NHS England’s medical director for primary care has acknowledged GPs who say they are suddenly seeing an influx of workload, while Covid-19 cases are still rife.
Tagging Dr Nikki Kanani in the post, Leicestershire GP and LMC member Dr Grant Ingrams tweeted last Wednesday that his practice had experienced the ‘highest workload all year’ in the last two days, including a ‘huge transfer of work from hospitals’ coming amidst ‘still increasing Covid cases’.
GPs commenting on the post suggested the rise was linked to people venturing out more since the easing of the lockdown in England, as well as a backlog of routine work that has been building up since March.
Responding to the post, Dr Kanani said this ‘seems to be the case almost uniformly now’, adding that NHS England is ‘considering this’ as it reviews what work to ‘phase back in’ and ‘what to hold back’.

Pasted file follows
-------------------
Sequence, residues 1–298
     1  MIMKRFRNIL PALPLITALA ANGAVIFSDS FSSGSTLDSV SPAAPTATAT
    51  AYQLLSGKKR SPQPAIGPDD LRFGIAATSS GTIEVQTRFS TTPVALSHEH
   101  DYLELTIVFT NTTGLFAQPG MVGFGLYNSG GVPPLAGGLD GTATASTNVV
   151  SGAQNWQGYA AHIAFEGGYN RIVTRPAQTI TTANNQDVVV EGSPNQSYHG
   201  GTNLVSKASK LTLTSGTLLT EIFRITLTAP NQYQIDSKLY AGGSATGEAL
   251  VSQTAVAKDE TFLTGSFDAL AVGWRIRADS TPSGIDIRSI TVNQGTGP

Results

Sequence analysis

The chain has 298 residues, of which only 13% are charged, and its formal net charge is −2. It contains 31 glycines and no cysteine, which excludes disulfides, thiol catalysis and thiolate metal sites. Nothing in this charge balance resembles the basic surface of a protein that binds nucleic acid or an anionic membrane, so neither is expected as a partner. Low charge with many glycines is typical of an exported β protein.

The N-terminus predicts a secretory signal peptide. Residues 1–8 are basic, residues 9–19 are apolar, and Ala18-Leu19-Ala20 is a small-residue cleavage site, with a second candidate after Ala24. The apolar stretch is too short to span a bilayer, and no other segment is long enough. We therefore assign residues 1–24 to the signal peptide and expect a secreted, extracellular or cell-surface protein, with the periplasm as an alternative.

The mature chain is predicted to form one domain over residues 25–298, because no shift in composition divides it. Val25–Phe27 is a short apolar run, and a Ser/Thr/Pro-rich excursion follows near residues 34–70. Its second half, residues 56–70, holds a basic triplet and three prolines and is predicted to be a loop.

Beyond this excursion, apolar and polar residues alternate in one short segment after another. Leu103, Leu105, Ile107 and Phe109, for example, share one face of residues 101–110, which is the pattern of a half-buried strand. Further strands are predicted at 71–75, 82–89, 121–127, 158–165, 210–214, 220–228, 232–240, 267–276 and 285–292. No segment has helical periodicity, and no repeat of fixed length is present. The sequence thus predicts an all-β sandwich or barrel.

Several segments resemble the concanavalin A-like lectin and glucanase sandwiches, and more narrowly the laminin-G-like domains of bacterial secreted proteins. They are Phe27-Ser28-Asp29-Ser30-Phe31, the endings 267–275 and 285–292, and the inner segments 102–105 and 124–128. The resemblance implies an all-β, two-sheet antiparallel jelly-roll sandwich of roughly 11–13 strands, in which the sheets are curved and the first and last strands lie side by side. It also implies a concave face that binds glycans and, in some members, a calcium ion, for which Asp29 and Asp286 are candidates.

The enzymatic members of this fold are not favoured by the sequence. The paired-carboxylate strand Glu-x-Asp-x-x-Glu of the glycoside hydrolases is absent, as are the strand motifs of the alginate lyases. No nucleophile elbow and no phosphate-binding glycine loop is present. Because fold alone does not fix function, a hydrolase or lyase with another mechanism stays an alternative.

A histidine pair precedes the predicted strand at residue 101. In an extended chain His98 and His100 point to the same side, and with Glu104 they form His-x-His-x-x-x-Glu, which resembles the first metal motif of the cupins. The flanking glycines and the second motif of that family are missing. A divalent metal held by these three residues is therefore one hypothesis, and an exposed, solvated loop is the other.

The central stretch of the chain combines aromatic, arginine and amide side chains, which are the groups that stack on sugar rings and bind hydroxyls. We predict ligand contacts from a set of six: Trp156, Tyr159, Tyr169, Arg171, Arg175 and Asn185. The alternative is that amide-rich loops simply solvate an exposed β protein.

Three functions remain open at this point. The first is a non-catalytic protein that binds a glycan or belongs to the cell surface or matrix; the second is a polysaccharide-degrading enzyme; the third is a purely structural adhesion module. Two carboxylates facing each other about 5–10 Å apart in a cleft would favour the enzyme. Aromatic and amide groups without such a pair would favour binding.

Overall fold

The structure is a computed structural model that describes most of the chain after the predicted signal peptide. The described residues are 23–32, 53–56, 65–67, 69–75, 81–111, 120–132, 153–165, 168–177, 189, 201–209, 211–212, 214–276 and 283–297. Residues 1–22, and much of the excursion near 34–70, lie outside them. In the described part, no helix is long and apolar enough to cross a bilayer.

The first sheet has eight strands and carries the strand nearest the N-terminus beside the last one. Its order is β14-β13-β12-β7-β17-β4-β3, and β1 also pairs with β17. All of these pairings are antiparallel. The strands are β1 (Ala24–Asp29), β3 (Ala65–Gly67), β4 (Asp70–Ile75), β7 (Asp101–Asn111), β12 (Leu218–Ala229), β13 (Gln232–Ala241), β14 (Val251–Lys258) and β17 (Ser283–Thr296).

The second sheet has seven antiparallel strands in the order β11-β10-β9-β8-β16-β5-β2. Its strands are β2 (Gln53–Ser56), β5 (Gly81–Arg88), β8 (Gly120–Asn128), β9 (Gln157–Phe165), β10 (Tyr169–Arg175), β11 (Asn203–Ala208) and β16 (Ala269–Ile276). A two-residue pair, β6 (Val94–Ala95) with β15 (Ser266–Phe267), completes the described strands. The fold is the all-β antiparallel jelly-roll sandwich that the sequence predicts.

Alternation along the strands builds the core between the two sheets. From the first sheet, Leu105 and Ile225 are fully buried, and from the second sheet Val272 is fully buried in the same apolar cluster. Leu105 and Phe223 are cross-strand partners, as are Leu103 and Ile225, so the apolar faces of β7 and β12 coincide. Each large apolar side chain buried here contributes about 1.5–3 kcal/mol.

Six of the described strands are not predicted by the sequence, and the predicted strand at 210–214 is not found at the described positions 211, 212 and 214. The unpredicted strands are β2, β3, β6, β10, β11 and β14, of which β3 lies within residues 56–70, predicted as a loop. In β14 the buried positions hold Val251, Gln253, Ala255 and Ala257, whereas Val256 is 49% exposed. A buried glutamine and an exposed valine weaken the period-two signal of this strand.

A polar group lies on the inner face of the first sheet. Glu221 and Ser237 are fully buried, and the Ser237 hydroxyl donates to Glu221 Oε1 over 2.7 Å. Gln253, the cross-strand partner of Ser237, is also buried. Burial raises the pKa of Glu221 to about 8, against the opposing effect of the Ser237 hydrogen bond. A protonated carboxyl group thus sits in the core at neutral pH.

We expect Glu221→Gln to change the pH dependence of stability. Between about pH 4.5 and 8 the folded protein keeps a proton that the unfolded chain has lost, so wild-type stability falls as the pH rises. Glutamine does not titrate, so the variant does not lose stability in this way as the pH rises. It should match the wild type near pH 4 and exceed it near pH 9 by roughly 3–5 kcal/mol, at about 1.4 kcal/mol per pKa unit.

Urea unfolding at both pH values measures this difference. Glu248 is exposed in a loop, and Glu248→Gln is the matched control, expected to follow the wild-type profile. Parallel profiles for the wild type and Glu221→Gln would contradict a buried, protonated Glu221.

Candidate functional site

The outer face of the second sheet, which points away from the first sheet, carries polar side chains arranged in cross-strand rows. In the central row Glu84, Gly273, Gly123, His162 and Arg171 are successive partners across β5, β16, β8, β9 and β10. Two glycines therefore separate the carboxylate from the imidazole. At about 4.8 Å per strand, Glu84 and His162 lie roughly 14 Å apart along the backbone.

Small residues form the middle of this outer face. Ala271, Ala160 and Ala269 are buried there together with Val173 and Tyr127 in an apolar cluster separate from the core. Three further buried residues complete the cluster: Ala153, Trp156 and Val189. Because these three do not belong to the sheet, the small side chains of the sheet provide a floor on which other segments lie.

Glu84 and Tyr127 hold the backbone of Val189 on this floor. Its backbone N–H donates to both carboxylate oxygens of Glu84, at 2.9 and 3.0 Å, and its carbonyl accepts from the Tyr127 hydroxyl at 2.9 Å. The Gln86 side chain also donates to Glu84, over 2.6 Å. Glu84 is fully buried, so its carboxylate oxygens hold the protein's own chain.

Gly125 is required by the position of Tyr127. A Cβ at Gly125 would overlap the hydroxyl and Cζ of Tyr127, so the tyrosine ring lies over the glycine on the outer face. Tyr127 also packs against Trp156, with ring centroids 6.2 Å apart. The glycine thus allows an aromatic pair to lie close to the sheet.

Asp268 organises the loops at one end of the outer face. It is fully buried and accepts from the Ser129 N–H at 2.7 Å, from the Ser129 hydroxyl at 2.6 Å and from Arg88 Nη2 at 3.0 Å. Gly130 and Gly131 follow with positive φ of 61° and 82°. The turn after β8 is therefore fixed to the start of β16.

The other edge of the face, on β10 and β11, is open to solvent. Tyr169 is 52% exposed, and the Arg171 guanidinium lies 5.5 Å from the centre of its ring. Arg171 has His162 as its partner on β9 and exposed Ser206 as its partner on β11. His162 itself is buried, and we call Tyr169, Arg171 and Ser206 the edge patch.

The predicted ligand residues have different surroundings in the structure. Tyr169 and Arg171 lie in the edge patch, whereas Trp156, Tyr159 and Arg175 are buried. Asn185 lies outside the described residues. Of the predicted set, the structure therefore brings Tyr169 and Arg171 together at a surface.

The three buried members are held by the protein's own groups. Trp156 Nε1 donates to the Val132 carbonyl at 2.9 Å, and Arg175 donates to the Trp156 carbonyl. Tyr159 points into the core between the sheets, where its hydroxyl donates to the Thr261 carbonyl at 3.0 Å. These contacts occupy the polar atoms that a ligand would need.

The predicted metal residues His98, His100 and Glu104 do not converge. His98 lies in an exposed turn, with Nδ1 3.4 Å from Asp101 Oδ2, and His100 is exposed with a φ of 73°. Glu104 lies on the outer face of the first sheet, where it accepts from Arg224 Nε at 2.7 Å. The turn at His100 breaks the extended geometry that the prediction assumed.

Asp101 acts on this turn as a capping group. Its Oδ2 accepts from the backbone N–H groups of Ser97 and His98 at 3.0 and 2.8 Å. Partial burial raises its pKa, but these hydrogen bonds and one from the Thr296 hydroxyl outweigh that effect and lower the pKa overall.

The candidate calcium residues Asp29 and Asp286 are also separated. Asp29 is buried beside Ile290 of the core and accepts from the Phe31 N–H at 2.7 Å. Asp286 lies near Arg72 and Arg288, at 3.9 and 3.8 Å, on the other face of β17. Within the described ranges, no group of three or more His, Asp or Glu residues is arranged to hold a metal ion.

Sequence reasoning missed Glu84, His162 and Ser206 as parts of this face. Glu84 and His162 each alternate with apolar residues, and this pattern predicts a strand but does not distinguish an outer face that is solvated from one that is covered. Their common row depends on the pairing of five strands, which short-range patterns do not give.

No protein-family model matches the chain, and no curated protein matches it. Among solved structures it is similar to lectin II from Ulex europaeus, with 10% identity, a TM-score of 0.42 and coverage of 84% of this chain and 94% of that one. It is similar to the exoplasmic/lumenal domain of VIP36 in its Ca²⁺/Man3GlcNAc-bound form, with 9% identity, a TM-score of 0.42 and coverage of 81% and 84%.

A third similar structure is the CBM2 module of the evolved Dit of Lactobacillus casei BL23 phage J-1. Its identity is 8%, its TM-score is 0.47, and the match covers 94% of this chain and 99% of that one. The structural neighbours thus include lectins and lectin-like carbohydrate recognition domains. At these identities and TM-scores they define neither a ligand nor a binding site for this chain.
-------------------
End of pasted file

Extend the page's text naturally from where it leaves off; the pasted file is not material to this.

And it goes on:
Tweeting in response to Dr Ingrams, Watford-based GP Dr Simon Hodes said he has seen an influx of work including patients with long-term health conditions requiring review as well as experiencing a ‘major issue’ with ‘rejected or delayed’ outpatient appointments. In addition, he said GPs were ‘getting dental enquiries’.
‘Would normally not treat these – but at present we are being more flexible,’ he added.
At the end of April, GPs were advised to resume the delivery of ‘routine and preventative work’ including screening.
But over the past couple of weeks Dr Kanani has advised that GPs should base their resumption of routine services on capacity and clinical need, and only resume work where it was safe to do so.
And Dr Ingrams told Management in Practice’s sister publication, Pulse: ‘Every day has been 10 hours without break so far [during the week].’
The news that workload is now rising comes as the number of GP appointments in England declined by more than six million in April 2020 compared with the same point in 2019, representing a 27% drop, according to the latest NHS Digital data.
Nearly two-thirds of consultations (63%) took place on the same day they were booked during April and nearly half (48%) were via telephone.
In his tweet, Dr Hodes said: ‘Telehealth is convenient but can take longer and [increases] clinical risk.’